I recently noticed something odd with my pictures, it seems that i developed a little something for...feet!
I recently entered a rumble on Lomography about cross-overs and I ended up as one of the runners-up! I was really happy about it and proudly showd it to a friend. C’mon, it was my first ‘something’ after all. He was happy for me, congratulated me and everything, but he told me that “Yes, gret! But you took a picture of feet!”. At first I was “No, what are you saying? It’s about doubles, not feet!”, but a bit later that day, I decided to put some order in my previous un-tagged pictures and realized something weird. It’s strange how I love pigeons and skyscrapers, and cat, but also…. FEET!
I swear to god I don’t have a foot fetish or anything, but I just think it’s a good subject – visually speaking. It’s also a good way to capture a person. Like the old saying goes “Show me your shoes and I will tell you who you are.” (Okay, maybe I just made that up). Mine, a stranger’s, barefoot, sneakers, boots, in action or not, sandals, high heels, colors, black and white – you name it, I love it! Did I already mention that I don’t have a foot fetish?
What about you? It’s something that I see on a regular basis. Do you also take pictures of feet, or should I start to worry about my visual/mental sanity?
My list of resolutions for 2015 consists of 12 projects, one for every month. March was for caffenol. You have probably heard of the amazing fact that you can develop black and white photos with coffee, sodium, and vitamin C. I had tried this before but with less than stellar results. Somehow, there's always something going wrong. Time to devote a few rolls to caffenol to finally get the hang of it.
Hi, everyone! I'd like to share with you my 2014 summary on analogue photography. Some things I did were completely new, while some were my good old habits. This year I learned how to develop black and white film, which I consider my greatest milestone. But the most important thing is that in 2014, I remain in love with Lomography! And the rest? Well, let's see...
As you may have read in my previous article, I truly fell in love with Lomography when I combined my Fisheye camera with an old Canon AE-1 for magical photographic results. Last summer, I took so many pictures of flowers that it started to become almost boring for me. My waning interest and the coming winter meant that I had to figure out something else to do with my 35mm film.
Some days, things seem to align for your street shot. The subjects form photo-ready queues that mimic architectural details around. Other times, an arrangement is made. Stretch this way, pose here, move a little forward for a group picture in strategic shapes and patterns.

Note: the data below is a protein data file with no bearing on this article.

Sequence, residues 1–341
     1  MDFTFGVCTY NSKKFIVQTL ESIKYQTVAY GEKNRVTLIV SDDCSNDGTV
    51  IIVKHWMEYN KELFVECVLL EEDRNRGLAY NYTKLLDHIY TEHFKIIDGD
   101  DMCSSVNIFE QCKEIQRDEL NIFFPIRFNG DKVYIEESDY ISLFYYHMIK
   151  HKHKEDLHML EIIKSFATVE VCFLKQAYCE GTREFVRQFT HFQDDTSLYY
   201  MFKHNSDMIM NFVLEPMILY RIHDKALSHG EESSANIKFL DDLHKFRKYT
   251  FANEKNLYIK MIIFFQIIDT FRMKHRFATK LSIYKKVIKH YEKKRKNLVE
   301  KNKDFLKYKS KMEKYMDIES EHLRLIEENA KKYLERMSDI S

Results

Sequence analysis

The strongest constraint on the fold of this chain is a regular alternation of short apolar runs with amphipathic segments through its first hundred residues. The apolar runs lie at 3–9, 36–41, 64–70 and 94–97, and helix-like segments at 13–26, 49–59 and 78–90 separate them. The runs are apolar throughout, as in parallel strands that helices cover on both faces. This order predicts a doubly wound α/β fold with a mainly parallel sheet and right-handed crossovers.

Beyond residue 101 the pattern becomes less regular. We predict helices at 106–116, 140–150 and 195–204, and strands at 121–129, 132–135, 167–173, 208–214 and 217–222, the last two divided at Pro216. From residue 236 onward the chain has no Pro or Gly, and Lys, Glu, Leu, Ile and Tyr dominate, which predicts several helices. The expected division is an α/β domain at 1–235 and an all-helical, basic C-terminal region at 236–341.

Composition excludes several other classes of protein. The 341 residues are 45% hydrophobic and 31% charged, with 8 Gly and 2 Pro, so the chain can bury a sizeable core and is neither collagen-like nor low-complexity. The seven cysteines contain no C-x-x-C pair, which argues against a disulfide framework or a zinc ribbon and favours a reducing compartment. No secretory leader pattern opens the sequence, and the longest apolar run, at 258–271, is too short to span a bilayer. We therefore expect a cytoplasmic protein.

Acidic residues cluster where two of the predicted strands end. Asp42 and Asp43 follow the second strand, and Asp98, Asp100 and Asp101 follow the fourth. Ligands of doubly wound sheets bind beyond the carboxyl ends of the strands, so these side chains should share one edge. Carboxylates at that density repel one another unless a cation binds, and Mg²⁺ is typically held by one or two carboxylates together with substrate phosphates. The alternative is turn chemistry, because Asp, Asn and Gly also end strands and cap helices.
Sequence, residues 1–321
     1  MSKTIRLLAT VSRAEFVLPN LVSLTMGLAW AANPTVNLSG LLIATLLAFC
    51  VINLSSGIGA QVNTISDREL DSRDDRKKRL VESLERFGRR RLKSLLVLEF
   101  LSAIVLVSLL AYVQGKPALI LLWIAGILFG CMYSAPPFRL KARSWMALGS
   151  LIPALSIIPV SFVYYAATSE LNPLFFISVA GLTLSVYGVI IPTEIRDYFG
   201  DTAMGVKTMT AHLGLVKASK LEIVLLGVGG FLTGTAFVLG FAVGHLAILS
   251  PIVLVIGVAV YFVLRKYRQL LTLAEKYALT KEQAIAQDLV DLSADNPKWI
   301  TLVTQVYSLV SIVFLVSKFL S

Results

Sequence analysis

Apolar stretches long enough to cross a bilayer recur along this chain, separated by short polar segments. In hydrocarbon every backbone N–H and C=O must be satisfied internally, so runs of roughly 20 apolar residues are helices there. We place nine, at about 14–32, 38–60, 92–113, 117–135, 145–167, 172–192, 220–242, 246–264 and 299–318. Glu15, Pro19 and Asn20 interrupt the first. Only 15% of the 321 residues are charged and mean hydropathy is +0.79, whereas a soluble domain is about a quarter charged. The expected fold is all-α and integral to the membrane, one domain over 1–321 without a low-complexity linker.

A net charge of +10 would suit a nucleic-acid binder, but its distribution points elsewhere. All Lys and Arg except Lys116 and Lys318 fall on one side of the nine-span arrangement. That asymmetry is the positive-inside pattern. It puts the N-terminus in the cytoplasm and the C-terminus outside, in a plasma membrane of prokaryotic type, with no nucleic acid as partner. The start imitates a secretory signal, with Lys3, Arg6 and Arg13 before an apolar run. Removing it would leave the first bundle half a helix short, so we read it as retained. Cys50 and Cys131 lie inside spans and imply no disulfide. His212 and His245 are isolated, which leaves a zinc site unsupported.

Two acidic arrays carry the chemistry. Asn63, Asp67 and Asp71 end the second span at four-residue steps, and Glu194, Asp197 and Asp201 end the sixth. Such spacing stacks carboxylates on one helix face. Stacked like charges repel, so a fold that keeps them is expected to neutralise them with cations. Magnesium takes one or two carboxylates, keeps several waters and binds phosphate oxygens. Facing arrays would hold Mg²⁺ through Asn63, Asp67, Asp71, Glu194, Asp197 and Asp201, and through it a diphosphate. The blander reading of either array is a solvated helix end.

I bought the LomoKino years ago, and since then I've been having great times with it. I will continue documenting my daily life with the LomoKino, which is Lomography in motion! You can see the movements and facial expressions of people - it’s priceless! Documenting life in moving pictures, the Lomokino can be used as a camera that not only shoots moving pictures but also works like the multi-frame wonder camera, Supersampler!
My dad and I have been riding our bicycles for as long as I can remember. We had no camera back then, so I only have the pictures from our recent rides. Each ride to the island of Khortitsa today is like a reunion with my childhood and my father's care.
What exactly do I feel while waiting for my Lomo'Instant photos to be developed? I have to say I get a mix of "Surprise me, dear Lomo!" but also some "Did I capture it as I wanted?" kind of thought. No matter the school of thought, with the Splitzer you can add so many cool effects to your photos you'll definitely embrace it!
A weekend without a lomowalk seems bad, at least for me. One Saturday morning, I decided to join my friends in their lomowalk. It was all cloudy at first but it didn't stop me from going out and walking. I brought my new Nikon FM2 and some expired rolls, just to test my camera. Was it just me being sleepy, or was my Nikon FM2 acting up? My photos turned out grainy, pale, and, in my opinion, looking so 1990s?
Chloé Vollmer-Lo's photos speak for themselves. Every image, whether it's a portrait or a seemingly simple snapshot of a street alley, tells a story. The Paris-based photographer tested the New Petzval Lens 85 recently, and the results, as expected, speak volumes. She talks about her experience as a freelance photographer - and with the New Petzval Lens 85 - in this exclusive interview.
Having a respectable career photographing social, political and economical matters, Philip Wolmuth is capable of starting a dialogue with the public via his thought-provoking photographs.
Going through the collective of images on his latest work, it seems impossible not to be instantly affected by the rawness of the emotions captured within the images. The passion, the anger, the commotion, the rebellion, the fervor, the shouting, the devotion; his work is inebriating. It's as if the images are screaming at you and, for a short while, you are transported to the Speakers' Corner without actually setting foot on that location.